PointPoint is where you discover experts

PointPoint is a discovery point for experts, like how Product Hunt is a discovery point for products.

Want to know the best mobile app analytics products? Search Product Hunt:

  1. Localytics
  2. Flurry
  3. Segment

Want to know the best thinkers on the future of mobile? Search PointPoint:

  1. Benedict Evans: “16 mobile theses”
  2. Semil Shah: The Harsh Realities Surrounding Mobile App Investing
  3. Ben Thompson: The Attention Market

Somehow even though it’s 2016, and there’s so much great content out there, we don’t have a place to find the best experts and content.

Google is the wrong interaction model for finding experts. Why?

Via Benedict Evans.

1. People don’t know what they don’t know.

2. People want to follow people, they want to follow experts.

People don’t know what they don’t know

You can Google “best way to get feedback from users” because the query uses words you already know. But you can’t know to search for “best usability testing service”, which is probably going to yield better results, because you’ve never heard the term “usability testing”.

Similarly, you can Google “how to make a mobile app” and you may even know (though unlikely) to search something like “how to optimize your app title and description for the App Store”.

But what on earth could you Google to find Benedict Evans’ “16 mobile theses”? Or Semil Shah’s mobile investment strategy? Surely you’d want to read both of these before making your mobile app.

Twitter is the closest to making something happen here, both because they own the best public personality graph and because it’s linked directly to content (both in tweets and hyperlinks). LinkedIn would be a far-behind second place; it has a powerful database of potential experts, but relatively little content.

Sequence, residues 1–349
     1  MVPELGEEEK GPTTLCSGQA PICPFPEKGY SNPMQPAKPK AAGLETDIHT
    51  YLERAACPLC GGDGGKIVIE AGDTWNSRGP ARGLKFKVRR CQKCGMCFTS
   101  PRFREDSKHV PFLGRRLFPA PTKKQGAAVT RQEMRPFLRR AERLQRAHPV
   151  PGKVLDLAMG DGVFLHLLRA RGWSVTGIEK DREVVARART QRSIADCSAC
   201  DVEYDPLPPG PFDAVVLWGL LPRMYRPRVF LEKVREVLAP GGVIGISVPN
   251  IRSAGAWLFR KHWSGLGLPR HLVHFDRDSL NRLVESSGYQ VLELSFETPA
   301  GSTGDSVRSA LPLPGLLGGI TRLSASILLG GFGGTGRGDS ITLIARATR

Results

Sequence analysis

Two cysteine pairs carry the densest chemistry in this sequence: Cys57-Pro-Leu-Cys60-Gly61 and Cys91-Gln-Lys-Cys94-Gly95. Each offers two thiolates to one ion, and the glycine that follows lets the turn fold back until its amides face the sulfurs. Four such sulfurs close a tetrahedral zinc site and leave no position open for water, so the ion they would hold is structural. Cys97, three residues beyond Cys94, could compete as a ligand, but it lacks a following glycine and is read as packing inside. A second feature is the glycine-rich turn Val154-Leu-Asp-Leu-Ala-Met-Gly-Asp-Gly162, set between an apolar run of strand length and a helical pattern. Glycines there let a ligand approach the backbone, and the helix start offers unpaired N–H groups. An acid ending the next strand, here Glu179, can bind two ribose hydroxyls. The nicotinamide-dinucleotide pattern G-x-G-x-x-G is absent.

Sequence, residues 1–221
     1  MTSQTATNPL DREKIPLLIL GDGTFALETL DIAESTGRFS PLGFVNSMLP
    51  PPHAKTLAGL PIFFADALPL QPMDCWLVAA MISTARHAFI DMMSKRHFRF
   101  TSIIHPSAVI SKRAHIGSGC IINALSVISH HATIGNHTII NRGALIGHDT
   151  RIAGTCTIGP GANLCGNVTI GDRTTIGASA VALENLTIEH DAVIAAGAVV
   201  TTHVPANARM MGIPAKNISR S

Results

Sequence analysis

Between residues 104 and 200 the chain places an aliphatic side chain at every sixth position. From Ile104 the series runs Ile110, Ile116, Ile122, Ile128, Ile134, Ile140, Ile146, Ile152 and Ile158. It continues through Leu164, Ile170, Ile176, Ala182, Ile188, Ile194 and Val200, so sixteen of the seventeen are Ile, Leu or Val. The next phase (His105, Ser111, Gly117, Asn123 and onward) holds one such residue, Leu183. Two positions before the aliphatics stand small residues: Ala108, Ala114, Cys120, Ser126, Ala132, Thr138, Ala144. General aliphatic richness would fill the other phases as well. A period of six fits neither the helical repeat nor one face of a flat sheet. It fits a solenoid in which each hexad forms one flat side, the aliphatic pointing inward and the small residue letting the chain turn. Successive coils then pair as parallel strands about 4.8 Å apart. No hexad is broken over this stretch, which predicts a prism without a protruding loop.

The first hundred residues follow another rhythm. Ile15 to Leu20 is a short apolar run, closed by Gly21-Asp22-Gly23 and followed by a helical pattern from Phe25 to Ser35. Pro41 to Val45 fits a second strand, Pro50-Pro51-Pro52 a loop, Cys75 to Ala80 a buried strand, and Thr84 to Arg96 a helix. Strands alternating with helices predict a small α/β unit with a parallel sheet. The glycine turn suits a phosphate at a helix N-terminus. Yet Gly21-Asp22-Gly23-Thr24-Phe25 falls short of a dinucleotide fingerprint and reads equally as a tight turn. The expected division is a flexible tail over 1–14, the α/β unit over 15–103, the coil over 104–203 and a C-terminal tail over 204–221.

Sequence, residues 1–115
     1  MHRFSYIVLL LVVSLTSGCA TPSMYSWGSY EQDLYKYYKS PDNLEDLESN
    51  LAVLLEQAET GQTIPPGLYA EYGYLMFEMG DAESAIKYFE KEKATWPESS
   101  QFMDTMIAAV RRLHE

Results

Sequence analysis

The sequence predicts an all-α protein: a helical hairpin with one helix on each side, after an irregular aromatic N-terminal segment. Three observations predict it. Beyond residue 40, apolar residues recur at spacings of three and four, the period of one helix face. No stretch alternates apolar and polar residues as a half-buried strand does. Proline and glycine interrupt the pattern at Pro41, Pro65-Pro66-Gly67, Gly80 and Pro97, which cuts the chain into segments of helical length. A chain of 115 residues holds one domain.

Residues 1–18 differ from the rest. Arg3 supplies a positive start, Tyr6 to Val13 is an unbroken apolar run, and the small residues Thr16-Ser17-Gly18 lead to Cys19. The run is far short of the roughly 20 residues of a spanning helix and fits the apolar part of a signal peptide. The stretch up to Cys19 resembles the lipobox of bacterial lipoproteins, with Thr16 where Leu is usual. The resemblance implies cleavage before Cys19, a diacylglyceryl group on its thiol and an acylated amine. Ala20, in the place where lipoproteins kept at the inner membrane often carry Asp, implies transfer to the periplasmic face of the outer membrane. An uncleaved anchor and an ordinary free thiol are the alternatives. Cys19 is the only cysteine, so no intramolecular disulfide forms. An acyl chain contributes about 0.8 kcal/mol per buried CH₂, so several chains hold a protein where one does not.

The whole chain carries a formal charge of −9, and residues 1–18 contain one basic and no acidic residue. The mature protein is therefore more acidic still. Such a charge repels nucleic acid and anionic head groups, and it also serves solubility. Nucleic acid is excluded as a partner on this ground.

People want to follow people. They want to follow experts

There is a lot of content on the web, but that misses the point. It’s not just about content.

It’s about people too. People like to follow people. This is why Facebook and Twitter are so compelling — find someone you respect/like/laugh at, and follow them. You want to know what they have to say about other things.

Even in 2016, Google is still intimidating. An empty search bar, just waiting for your input. It has the power to give you what you want, but its scope is too big. This is why Amazon can exist.

Twitter’s scope is narrower, but they’ve yet to make moves. Same with the iOS App Store; powerful, but lacking innovation and focus. This is why Product Hunt can exist.

It’s a lot easier to just know there’s one place where people like you have already curated the best experts you know you’re looking for.

PointPoint is where you go to find experts.